In today’s world, drugs are a reality that no teen can completely avoid. Illegal substances lurk around school and social gatherings. No longer can a parent simply tell a child to just avoid them. While this is a good first step, it is essential that the parent take further measures to help the teen make smart choices when it comes to drugs. Being educated about how these substances can harm the teen in every way can help him or her make the right decision when faced with a threatening situation.
You, as a parent, can make a world of difference when it comes to drugs in your child’s life. Here are a few tips to help your teen stay drug-free, healthy, and safe.
Do Your Research
First, it’s important that you know what you’re talking about when it comes to drugs. There is plenty of research available online. Before you talk with your teen about drugs and the effects of them, take time to educate yourself. By doing this, you can make sure that your teen can trust what you say (and perhaps more importantly, your teen will know that what you say can be trusted.) If you exaggerate the effects, saying all drugs will immediately kill a person, it is likely your teen will learn otherwise, which could lead to trouble. Be a valid source for your child and he or she will likely come to you if a problem arises.
Communicate Openly With Your Child
One of the most important things you can do to help your teen is to communicate openly. This is true not only with drugs, but with all areas of your child’s life. Bring up those sensitive topics (including, and especially, drugs) that often make teens and parents feel uncomfortable. The truth is that if your teen doesn’t learn about drugs from you, he or she is likely to learn about them from friends. Obviously, it is much better than they come from you. Another reason to communicate openly with your child is to make those sensitive topics more approachable. Making these topics “taboo” is not a good idea in a household. Be that open, approachable source your child can trust.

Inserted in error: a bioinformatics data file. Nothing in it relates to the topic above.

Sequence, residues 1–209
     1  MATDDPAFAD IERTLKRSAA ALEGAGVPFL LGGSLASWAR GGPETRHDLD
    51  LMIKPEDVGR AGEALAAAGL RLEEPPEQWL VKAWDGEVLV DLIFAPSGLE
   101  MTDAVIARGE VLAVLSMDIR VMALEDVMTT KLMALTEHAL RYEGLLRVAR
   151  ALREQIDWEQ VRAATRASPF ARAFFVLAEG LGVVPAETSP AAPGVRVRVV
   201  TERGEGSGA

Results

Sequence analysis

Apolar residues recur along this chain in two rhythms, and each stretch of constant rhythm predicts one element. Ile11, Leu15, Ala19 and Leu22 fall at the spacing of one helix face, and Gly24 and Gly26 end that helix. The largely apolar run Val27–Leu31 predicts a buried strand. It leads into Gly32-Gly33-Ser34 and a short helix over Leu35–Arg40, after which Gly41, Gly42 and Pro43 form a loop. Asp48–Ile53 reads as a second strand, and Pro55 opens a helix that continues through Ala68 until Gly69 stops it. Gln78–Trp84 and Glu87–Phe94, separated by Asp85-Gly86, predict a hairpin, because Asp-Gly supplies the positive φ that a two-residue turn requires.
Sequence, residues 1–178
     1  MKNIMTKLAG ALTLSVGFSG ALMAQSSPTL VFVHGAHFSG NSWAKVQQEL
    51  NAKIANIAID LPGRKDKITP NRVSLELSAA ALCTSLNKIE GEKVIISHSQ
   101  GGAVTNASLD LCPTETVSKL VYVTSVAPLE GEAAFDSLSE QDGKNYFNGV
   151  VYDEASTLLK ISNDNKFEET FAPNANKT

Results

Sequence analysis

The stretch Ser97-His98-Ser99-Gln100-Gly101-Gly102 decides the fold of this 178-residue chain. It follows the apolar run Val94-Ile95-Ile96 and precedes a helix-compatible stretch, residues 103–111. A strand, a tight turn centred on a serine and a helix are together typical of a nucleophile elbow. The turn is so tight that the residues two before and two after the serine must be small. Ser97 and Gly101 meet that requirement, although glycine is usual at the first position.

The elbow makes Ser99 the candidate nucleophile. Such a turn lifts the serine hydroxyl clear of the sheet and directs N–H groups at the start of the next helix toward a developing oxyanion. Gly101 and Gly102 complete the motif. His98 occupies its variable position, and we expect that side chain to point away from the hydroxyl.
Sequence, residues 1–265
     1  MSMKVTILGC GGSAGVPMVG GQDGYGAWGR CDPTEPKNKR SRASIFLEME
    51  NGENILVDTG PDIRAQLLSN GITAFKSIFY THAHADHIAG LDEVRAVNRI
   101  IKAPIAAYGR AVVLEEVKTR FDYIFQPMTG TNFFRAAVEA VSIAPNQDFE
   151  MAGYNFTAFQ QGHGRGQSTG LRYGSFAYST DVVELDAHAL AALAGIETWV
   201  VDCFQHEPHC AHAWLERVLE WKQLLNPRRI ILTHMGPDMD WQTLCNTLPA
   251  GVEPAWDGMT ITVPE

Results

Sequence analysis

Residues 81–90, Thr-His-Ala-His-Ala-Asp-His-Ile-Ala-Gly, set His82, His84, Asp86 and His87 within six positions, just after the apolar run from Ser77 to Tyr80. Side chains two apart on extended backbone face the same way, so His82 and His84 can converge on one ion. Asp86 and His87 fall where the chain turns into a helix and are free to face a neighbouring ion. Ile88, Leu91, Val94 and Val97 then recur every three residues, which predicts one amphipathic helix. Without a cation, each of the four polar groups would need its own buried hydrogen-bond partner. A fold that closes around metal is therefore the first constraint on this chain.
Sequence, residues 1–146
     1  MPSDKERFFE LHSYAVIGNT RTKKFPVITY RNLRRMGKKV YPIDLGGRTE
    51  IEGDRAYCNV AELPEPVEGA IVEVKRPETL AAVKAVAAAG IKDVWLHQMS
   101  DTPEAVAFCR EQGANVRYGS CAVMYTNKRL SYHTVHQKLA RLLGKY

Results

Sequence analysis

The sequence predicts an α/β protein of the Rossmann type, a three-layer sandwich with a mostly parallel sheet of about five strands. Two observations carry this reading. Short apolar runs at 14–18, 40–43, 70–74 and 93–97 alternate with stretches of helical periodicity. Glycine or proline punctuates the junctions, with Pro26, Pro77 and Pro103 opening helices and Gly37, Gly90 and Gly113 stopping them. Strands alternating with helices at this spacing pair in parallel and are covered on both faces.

It is possible that some questions or interests your teen has may surprise you. One of the worst things you can do at this point is act shocked and upset. Doing this automatically puts your teen on guard. It makes him or her feel like asking you about drugs is no longer safe. It is best to stay calm and answer questions honestly.
Build Your Teen’s Self-Confidence and Be Involved in His or Her Life
Often, teens begin using drugs because they are suffering in some way. Perhaps they do not have much self-esteem. Or perhaps they have just suffered the death of a loved one or friend. Teens often begin using drugs to “dull the pain.” Of course, this only makes their problems worse, but in the moment, all the teen can see is immediate relief. It is incredibly important that you continually build and improve your teen’s self-confidence and emotional health. Encourage extra-curricular activities and attend these events. Be as involved in his or her life as you possibly can. Show love and support for your teen.
Discuss Peer Pressure With Your Teen
And finally, educate your teen about peer pressure. Explain that we all have a desire to fit in, but that we must choose our friends wisely. Help your teen understand that any friend who offers drugs probably doesn’t have your teen’s best interests at heart and that no amount of “acceptance” is worth the pain and suffering that can come from trying drugs. Once again, as you build your teen’s self-confidence, you will help him or her avoid the devastating effects of drugs as a result of friends and peer pressure.
About the Author: Hyrum Taffer is a freelance writer who has extensive experience with helping drug addicts and substance abusers. He is currently working with DrugRehab.org to help people over come these problems.